4. Dallas Stars (Jim Nill GM, Lindy Ruff coach)
Another Holland protege, Nill is the John Robie of NHL managers. His theft of Tyler Seguin from Boston just three months into his tenure caught everyone by surprise, and set up daring heists of Jason Spezza (Ottawa) and Patrick Sharp (Chicago). While adding those high-priced pieces, he’s kept the Stars in cap comfort by creating opportunities for youngsters like John Klingberg, Jyrkki Jokipakka and Mattias Janmark to make significant contributions. He’s also shown an individualist streak in the draft (Valeri Nichushkin, Julius Honka, Denis Gurianov) and has built a deep and experienced coaching staff. Ruff has been a surprise, proving to be a more agile coach than many expected. He left his dishwater dull defensive style back in Buffalo and embraced a bolder, puck possession game that’s made the Stars one of the most entertaining and successful teams in the league.
5. Buffalo Sabres (Tim Murray GM, Dan Bylsma coach)
Murray’s lack of patience since being hired just over two years ago has been exhilarating. He’s completely reshaped the Sabres into his image, making bold moves with his inherited assets to acquire seasoned performers like Ryan O’Reilly, Evander Kane and Jamie McGinn, and gambled on Robin Lehner as a future No. 1 in net. His decision to hire Bylsma looks golden as well. The results haven’t always been evident on the scoreboard—just one point separates the Sabres from a return to the NHL cellar—but he has this team playing better by any other measure. Case in point: the Sabres have scored 114 goals and allowed 136 through 51 games this season, a –22 differential. Last season, it was 97 and 181 (–84 respectively). Clearly both men have work to do. Murray needs to add a top-four defender and a top-six winger. Bylsma has to work on possession time and a miserable penalty kill. Still, they’ve combined to get this team moving in the right direction.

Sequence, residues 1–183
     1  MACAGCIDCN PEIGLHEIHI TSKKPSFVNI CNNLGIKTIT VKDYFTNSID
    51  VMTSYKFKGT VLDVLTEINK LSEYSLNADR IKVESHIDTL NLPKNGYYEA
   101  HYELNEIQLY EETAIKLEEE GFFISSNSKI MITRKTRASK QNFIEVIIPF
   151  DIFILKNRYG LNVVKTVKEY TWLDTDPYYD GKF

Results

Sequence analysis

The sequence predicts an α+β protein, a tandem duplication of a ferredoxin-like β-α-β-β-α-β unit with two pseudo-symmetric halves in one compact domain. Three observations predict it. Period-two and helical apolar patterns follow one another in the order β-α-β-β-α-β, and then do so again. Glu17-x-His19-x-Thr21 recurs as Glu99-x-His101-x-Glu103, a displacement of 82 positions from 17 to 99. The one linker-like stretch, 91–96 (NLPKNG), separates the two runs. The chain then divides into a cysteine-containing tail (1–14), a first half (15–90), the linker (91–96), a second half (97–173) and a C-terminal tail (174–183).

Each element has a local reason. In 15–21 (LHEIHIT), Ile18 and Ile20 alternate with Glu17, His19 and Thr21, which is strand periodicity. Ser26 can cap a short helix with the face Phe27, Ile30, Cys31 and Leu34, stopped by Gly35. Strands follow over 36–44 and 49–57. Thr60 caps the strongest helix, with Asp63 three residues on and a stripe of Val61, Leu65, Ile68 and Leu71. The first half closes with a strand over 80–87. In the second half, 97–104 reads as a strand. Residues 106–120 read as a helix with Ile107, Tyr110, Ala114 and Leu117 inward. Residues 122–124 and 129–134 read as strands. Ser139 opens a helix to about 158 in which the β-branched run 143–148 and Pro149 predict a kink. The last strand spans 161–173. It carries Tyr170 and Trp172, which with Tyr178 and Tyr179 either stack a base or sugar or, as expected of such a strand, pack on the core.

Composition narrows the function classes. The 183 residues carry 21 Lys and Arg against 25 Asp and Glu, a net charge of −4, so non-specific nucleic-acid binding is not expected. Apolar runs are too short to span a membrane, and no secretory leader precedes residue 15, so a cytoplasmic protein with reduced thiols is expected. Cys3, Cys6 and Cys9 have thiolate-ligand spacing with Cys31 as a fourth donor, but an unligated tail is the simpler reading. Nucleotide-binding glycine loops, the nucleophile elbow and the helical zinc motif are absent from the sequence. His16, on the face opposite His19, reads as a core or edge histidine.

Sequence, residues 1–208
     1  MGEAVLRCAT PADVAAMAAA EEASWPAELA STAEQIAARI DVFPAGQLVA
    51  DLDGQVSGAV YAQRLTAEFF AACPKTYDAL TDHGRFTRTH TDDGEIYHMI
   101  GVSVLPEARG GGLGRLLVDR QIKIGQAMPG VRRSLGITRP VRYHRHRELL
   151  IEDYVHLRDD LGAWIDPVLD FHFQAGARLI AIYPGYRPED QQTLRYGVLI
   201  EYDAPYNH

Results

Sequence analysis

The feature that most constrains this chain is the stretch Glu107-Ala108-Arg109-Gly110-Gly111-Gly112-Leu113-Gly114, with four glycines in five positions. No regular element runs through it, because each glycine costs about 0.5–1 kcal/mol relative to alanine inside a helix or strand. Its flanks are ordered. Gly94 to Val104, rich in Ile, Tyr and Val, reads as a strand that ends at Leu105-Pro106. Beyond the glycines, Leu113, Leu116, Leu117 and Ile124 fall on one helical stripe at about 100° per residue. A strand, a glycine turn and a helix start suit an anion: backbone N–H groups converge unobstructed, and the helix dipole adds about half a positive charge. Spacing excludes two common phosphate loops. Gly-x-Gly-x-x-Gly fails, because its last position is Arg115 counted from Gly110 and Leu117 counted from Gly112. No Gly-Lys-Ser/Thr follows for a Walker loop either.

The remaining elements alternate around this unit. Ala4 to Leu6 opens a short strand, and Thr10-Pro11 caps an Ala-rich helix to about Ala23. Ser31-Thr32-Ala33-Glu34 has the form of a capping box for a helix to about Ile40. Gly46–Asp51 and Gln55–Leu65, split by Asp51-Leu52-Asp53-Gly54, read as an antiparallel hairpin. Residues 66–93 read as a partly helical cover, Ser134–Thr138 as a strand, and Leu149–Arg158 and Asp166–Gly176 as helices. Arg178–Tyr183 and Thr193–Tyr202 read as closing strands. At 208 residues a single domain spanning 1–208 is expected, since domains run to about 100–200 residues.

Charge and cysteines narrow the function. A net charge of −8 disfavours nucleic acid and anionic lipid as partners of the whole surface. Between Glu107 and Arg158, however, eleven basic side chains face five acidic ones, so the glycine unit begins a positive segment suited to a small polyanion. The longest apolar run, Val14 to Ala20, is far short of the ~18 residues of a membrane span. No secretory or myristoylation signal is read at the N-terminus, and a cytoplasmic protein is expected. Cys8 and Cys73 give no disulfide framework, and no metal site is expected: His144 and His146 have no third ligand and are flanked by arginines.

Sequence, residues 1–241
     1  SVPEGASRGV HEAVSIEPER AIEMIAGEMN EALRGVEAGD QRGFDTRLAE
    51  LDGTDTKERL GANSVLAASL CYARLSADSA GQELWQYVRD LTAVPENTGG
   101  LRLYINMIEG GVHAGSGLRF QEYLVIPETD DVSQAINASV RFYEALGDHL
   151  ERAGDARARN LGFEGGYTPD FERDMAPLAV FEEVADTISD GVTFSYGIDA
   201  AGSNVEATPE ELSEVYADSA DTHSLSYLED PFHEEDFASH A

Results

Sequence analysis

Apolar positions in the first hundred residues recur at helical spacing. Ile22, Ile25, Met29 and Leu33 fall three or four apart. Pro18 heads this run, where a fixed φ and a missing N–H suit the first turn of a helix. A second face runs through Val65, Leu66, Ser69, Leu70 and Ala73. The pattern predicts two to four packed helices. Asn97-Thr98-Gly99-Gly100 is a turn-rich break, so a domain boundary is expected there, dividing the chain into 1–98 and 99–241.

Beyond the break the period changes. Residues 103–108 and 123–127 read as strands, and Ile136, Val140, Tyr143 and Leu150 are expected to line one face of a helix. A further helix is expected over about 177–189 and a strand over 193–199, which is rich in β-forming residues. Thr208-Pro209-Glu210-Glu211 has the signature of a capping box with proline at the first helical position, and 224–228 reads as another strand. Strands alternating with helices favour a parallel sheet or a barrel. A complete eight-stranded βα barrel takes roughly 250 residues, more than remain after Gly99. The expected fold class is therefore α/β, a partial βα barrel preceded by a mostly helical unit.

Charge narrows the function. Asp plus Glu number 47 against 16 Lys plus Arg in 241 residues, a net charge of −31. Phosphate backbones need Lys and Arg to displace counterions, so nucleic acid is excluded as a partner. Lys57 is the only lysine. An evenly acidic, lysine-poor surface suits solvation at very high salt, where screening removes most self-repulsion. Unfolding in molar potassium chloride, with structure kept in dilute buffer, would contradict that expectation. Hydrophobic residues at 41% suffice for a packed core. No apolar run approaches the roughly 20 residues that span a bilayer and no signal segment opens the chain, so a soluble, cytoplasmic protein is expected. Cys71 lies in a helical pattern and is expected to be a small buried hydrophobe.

Of course, not every combo makes like Matthau and Lemmon. There are some cases where the GM is saddled with an underperforming coach, or vice versa, and some where neither is particularly effective. Here then are the bottom five ...
5. New York Islanders (Garth Snow GM, Jack Capuano coach)
Snow has staged one of the most unexpected career turnarounds in recent memory, transforming himself from a punch line into a widely admired exec with a canny series of cap-related deals and free-agent signings. And thanks to some sound drafting and clever asset management, he’s built a prospect pool that ranks among the best in the league. But while he’s gaining steam, Capuano seems to be running out of track. The Isles remain competitive but inconsistent under him and there’s a growing sense that he may have taken this team as far as he can. A fresh voice might be necessary to get New York over the hump and beyond the first round of the playoffs for the first time since 1993.